Guus Pastoor, president of AIPCEE (European Fish Processors Association) in Brussels, Belgium, told NASF attendees that they have a common responsibility to find solutions to climate change. He is buoyed by the fact that many seafood stakeholders have been successful in warding off the “total depletion” of fish stocks that many had predicted.
“Now we’re in the climate debate and there are many gloomy outlooks. Seafood is very much related to the state of nature, so we are very vulnerable in this sense,” said Pastoor. But mass depletion of fish stocks “didn’t happen because many people felt a sense of responsibility, took action and [learned to manage fisheries].”
Retailers are bearing the brunt of the responsibility when it comes to driving change in the food industry, and change the food industry must, said Giles Bolton, director of responsible sourcing at UK-based retailer Tesco.
“Much too much of the food industry is unsustainable. The food industry is at the heart of the climate change crisis. The food industry has to change,” said Bolton, adding that Tesco wants to reduce the environmental impact of the “average UK shopping basket” by 50 percent. Reducing waste will play a big role.
This is a job for technology
During the NASF Aquatech session on Day 0, a number of technology providers presented on how innovation will move aquaculture forward and tackle major issues, including climate change. Tiago Cristóvão, COO of UNDERSEE, a technology company based in Portugal, said that the ocean is “critically under-sampled” when it comes to gathering data on water quality, despite the fact that the oceans are our planet’s “biggest asset.”
UNDERSEE’s water quality monitoring and forecasting technology can help aquaculture survive the short-term impacts of climate change, including the onset of harmful algal blooms, he said. Undersee – which started in 2016 doing work for environmental agencies in Portugal – can determine algal blooms’ position and size and provide forecasts that satellites cannot, especially with cloud cover.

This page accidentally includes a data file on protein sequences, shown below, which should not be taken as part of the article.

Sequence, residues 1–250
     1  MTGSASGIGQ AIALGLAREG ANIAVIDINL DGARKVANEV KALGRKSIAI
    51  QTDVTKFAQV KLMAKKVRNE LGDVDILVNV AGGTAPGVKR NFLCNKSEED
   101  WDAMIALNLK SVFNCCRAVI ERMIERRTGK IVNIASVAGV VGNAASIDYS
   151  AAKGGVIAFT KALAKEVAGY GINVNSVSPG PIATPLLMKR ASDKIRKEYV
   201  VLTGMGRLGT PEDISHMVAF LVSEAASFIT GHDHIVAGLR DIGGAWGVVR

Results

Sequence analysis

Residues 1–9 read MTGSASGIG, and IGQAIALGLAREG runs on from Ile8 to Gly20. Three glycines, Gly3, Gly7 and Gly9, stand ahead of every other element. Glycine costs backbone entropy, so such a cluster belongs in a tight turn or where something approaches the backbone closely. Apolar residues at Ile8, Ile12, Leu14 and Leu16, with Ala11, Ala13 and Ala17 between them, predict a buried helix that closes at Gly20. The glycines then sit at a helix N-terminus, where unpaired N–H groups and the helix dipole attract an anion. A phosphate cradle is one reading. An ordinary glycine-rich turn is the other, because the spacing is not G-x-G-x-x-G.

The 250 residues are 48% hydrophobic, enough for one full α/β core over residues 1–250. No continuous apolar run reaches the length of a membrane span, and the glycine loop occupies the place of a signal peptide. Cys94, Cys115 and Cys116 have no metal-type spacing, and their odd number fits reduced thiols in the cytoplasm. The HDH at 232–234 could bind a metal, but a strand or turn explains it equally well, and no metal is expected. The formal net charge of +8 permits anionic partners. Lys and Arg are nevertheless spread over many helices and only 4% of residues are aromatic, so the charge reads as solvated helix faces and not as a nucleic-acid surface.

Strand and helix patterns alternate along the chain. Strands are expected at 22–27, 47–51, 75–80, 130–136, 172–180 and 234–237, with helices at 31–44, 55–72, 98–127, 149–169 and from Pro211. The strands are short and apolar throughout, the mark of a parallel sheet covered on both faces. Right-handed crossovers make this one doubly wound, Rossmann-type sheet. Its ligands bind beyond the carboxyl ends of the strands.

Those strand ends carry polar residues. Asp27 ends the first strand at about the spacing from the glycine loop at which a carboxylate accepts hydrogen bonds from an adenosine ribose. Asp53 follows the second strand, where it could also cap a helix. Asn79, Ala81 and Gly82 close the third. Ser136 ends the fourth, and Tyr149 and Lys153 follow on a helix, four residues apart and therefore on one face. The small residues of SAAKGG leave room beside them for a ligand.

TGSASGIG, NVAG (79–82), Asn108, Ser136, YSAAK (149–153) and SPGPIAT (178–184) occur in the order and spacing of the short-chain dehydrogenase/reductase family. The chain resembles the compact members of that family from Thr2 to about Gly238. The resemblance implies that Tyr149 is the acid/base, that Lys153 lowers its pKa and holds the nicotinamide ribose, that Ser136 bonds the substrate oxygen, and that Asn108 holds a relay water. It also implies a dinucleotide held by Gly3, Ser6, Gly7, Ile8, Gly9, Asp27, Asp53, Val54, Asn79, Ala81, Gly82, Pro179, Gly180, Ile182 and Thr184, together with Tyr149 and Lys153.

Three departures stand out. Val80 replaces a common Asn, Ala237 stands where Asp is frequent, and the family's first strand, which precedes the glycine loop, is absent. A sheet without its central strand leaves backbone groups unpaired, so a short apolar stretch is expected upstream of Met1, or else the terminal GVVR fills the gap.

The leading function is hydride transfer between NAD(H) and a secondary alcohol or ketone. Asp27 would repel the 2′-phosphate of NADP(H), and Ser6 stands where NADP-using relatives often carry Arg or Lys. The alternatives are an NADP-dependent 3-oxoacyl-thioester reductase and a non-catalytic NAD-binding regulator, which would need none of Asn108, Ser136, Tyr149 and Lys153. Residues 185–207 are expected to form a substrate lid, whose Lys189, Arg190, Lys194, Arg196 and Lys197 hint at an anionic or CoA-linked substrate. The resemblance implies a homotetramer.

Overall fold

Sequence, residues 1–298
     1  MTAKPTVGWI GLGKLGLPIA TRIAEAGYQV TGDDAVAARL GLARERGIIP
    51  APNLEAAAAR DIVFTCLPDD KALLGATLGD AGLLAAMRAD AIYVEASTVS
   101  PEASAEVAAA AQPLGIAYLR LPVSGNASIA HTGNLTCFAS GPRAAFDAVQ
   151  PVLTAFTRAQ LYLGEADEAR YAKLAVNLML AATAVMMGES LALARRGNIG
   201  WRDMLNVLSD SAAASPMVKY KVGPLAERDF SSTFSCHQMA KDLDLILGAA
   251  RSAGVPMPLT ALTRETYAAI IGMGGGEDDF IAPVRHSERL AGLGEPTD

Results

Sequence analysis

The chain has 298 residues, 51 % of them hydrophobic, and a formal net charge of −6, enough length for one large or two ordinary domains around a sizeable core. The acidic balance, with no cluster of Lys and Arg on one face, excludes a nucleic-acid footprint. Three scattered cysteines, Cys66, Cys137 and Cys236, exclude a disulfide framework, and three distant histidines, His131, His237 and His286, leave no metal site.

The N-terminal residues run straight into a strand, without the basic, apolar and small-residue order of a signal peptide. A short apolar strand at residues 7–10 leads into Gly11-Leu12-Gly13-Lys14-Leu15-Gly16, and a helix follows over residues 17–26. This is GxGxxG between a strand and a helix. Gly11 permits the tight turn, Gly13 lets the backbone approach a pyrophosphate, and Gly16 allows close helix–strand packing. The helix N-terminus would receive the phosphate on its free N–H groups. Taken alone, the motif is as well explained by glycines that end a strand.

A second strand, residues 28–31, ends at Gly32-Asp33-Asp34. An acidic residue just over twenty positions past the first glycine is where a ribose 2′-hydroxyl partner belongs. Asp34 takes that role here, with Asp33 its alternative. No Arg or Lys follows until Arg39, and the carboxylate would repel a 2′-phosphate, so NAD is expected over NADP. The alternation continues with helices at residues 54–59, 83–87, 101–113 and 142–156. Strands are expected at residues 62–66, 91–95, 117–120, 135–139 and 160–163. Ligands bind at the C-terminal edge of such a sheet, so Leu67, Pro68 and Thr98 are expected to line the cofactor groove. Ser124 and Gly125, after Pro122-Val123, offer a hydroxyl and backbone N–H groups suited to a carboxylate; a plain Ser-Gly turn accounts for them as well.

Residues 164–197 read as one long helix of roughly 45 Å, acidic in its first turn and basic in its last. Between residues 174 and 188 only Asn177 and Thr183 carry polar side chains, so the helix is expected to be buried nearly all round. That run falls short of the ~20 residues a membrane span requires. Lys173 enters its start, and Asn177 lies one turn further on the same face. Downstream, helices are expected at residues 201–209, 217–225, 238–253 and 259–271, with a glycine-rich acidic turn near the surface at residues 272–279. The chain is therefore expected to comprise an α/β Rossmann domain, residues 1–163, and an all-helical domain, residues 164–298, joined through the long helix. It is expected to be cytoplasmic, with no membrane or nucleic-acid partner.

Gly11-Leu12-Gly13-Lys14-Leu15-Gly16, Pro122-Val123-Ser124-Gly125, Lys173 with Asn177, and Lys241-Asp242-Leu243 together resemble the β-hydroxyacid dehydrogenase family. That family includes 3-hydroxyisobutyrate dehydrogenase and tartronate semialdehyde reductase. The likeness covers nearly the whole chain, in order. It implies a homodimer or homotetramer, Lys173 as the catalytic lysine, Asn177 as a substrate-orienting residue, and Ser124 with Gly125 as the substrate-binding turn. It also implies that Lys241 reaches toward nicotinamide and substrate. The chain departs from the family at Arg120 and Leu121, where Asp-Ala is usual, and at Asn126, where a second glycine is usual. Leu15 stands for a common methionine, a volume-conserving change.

Another company providing insights into ocean conditions for aquaculture producers is Ecotone, which won Norway’s Christmas Entrepreneur Challenge last year. Ecotone’s Spectralice helps salmon farmers tackle the sea lice challenge and its Spectramapper provides an environmental classification of seafloor conditions. Using remote-operated vessels, Spectramapper fills a knowledge gap with machine learning and can provide assistance for ecosystem-based monitoring. For an in-depth look at Ecotone, click here.
Norway-based CageEye AS aims to improve the feeding of fish with a “fish-centric” hydroacoustic technology that maximizes growth and minimizes feed waste by measuring changes in fish behavior and detecting feeding patterns. Another camera-vision provider to aquaculture is OptoScale. CEO Sven Jørund Kolstø spoke about the company’s five-year journey from “startup to scale-up” and its aims to reduce overfeeding. The problem he said, often stems from farmers not knowing what they have in underwater inventory.
“Biomass estimation is at the heart of everything,” he said. “In fish farming today, there is no really good way of measuring optimal production, whether you’re going at the right speed or not. We’re giving [our customers] a speedometer.” OptoScale is already working with industry stalwarts SalMar, BioMar, Cermaq and others.
Kolstø’s advice to fellow startups was simple: “Don’t jump into scale-up before you know you’re ready. What you want to do is become a real company. Scale up too soon, you’ll have a product that customers don’t want … and boring is good – the goal of a startup is to deliver value and reliability.”
Investors want predictability
Stål Heggelund of the Federation of Norwegian Industries said the aquaculture business in Norway has been “enormously successful” and sees many of the aforementioned technology companies as “investment grade” despite their age.
“There’s no reason to not look into this sector,” he said.